Stress Sweat

Do everyday stressors leave your armpits embarrassingly wet? Understand the causes of stress sweat and how to keep your cool.

What Is Stress Sweating?

Sweating is a stress response that helps cool your body down so you don’t overheat. However, stress sweat is when your body sweats due to a nerve-wracking, tense or exciting situation. It's not caused by exercise, a hot day, or a medical condition. Instead, it’s an automatic, evolutionary reaction to stressful experiences.

Experiencing stress sweat is rare for most people, and antiperspirants can typically prevent visible sweat marks and body odor. But if you sweat profusely at the first sign of stress, your reaction might be more severe.


What Causes Stress Sweat?

Stress sweating occurs when your brain perceives a threat and triggers your fight-or-flight response. Stress fires up your sympathetic nervous system in preparation to react, which raises your heart rate and your body temperature.

Your sympathetic nervous system takes over, putting your body on high alert. The pituitary gland releases cortisol and adrenaline to recruit more energy sources, and you sweat to cool down.

Increased Heart Rate

You start to feel anxious. Your heart rate and blood pressure spike.

Surge in Body Temperature

Your internal body temperature rises as your body prepares to fend off the stressor.

Stress Sweat and Odor

To cool down, you perspire and produce a noticeable odor.

What Are the Side Effects of Stress Sweat?

Stress sweat affects everyone differently. Typical side effects of stress sweat include:

Obvious Sweat Marks

When sweat pools around your armpits or back, those areas of your shirt look darker. To make matters worse, worrying about visible sweat marks can also make you perspire more.

Read more:The Science Behind Armpit Stains & How to Stop Them

Foul Odor

It's not your imagination: Stress sweat smells worse than other types of sweat - and for a good reason. From an evolutionary standpoint, putting off a strong, repulsive scent deters predators who are out to eat you.

But it's not the sweat that smells. When stressed, the apocrine gland produces a white, odorless fluid. When mixed with bacteria on your skin, it creates a potent combination – unlike the odor created by your eccrine glands after a brisk walk.

Social Anxiety

An upcoming presentation or family gathering could trigger sweat and the embarrassment that follows. You might be tempted to avoid stressful social situations like these altogether, but this isn’t an effective long-term solution.

Outward Perceptions

According to research, unfortunately, the smell of stress sweat can influence how others perceive your competence, confidence and trustworthiness..

Impact on Professional Advancement

Stress sweat can destroy your confidence and hold back your career. One study found that participants who reported having more confidence in school earned higher wages and were promoted faster than those with lower confidence.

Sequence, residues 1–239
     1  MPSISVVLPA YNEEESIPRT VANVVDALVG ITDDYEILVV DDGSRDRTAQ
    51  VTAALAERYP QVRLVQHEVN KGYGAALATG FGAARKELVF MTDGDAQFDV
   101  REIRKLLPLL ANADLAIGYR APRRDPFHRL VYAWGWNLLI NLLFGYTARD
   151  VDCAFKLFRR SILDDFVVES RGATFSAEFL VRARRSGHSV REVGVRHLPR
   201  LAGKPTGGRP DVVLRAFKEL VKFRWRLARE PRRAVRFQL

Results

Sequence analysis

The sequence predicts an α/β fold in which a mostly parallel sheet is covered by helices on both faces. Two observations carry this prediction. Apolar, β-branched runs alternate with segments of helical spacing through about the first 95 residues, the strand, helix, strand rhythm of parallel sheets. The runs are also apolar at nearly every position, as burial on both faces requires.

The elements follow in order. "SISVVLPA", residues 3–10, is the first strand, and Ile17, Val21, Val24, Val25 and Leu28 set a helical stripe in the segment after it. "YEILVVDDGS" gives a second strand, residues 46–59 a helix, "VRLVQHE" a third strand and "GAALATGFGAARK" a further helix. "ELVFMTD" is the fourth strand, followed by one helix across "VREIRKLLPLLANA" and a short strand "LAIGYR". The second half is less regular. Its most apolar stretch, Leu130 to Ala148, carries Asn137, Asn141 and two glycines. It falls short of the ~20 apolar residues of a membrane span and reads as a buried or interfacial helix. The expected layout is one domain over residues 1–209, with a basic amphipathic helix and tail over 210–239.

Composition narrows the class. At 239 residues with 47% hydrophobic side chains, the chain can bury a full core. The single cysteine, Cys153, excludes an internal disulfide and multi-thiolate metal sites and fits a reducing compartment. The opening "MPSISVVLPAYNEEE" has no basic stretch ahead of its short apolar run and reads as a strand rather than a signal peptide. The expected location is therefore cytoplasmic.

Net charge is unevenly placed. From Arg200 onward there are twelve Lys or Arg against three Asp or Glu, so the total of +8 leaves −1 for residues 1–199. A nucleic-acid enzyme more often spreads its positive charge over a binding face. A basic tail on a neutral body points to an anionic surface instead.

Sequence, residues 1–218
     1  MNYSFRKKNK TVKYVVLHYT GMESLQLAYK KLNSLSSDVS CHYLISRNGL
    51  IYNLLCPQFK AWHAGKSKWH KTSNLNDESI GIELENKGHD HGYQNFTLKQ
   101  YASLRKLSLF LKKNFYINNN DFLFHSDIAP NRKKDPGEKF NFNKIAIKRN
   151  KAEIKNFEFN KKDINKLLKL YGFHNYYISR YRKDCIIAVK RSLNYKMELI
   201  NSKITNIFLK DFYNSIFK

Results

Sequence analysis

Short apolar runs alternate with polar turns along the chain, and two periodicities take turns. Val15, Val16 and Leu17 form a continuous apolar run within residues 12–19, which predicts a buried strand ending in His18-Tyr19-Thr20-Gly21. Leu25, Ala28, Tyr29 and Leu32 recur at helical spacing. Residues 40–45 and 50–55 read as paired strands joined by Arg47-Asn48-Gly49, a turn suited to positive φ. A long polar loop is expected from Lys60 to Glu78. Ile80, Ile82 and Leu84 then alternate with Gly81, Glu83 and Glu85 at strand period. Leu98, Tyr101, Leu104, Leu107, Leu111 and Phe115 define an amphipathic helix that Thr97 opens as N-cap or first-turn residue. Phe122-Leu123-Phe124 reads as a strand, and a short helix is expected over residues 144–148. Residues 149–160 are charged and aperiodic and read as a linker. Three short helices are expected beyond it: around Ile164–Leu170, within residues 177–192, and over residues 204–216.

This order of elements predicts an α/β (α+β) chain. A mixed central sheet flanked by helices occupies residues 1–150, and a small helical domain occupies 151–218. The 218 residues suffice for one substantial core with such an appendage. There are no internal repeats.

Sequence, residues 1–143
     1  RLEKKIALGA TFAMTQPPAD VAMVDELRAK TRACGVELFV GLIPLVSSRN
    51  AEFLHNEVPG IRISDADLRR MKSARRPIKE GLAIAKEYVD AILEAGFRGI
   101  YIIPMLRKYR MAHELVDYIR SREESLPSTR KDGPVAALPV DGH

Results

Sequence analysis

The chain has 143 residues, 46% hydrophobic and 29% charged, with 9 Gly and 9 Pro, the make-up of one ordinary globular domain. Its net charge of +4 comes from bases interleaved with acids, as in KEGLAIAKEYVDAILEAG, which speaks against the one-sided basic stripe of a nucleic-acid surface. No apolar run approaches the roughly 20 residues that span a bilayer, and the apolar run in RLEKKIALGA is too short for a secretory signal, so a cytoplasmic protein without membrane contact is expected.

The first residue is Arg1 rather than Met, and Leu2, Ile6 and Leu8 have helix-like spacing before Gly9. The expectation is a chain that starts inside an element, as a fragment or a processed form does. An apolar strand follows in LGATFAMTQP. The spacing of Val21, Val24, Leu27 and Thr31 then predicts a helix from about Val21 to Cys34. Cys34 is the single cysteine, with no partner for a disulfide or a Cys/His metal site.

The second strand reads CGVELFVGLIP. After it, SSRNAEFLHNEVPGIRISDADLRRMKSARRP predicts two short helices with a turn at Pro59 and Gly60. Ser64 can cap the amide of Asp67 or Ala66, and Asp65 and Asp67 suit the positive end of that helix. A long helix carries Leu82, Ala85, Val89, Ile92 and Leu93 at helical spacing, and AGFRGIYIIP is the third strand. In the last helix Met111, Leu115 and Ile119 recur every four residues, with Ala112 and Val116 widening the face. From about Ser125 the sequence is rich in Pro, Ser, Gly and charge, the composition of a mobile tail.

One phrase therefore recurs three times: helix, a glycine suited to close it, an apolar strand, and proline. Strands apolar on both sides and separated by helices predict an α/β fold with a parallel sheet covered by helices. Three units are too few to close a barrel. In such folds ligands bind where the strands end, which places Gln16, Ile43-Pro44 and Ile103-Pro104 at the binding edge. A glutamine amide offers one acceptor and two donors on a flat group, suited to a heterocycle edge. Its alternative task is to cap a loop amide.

In other words, exuding confidence makes you appear more capable and can jumpstart your professional career. If stress sweat significantly affects your confidence, your career could suffer.

How Do You Stop Stress Sweat?

There's no escaping stressors at work and in everyday life. But when the pressure mounts, you need a way to cope to prevent stress sweat.

Here are some stress-boosting tactics that can help you stay calm when the stressors pile up.

Wear a Sweat Proof Undershirt

Does the idea of sweating stress you out? Eliminate this stressor by wearing an effective sweat proof undershirt. Thompson Tee's integrated sweat barrier completely absorbs underarm sweat and allows it to evaporate so you forget you're even sweating.


When dehydrated, your body produces sweat to cool you down. Extreme stress also dries out the mouth, so drink plenty of water if you're giving a speech or presentation.

Read more:6 Natural Remedies + Tips to Prevent Sweating

Try Deep Breathing

Focused breathing is an effective way to dissolve stress. But to reduce stress long-term, you need to dedicate 20 to 30 minutes per day to deep breathing. Take a long, deep breath, hold it for 5-10 seconds, release and repeat.

Acknowledge Your Stress and Its Source

You face stress daily – but do you ever talk yourself through it? Say or write down the cause of your stress, and it won't seem so daunting.

Reduce Decision Overload With Routines

Have a big week ahead at work? Stick to a morning routine so small, menial tasks aren't competing for mindshare and pushing you over the edge.

Write a Specific and Actionable To-Do List

If you're stressed thinking about everything that needs to get done, write it down. Visualizing your to-do list makes tasks seem more manageable and lowers feelings of overwhelm. Attacking your list will also provide some relief.

Do Progressive Muscle Relaxation

Feeling overwhelmed? Relieve stress and tension anywhere with progressive muscle relaxation. Close your eyes, tense each body part (starting with your feet) for 5 seconds, then relax. Once you reach your head, your nerves should melt away.

Listen to Soothing Music

Studies show that listening to music lowers heart rate and blood pressure and slows breathing. So if you're stressed about an upcoming speech or interview, turn on your favorite tunes beforehand to stay calm and reduce stress sweat.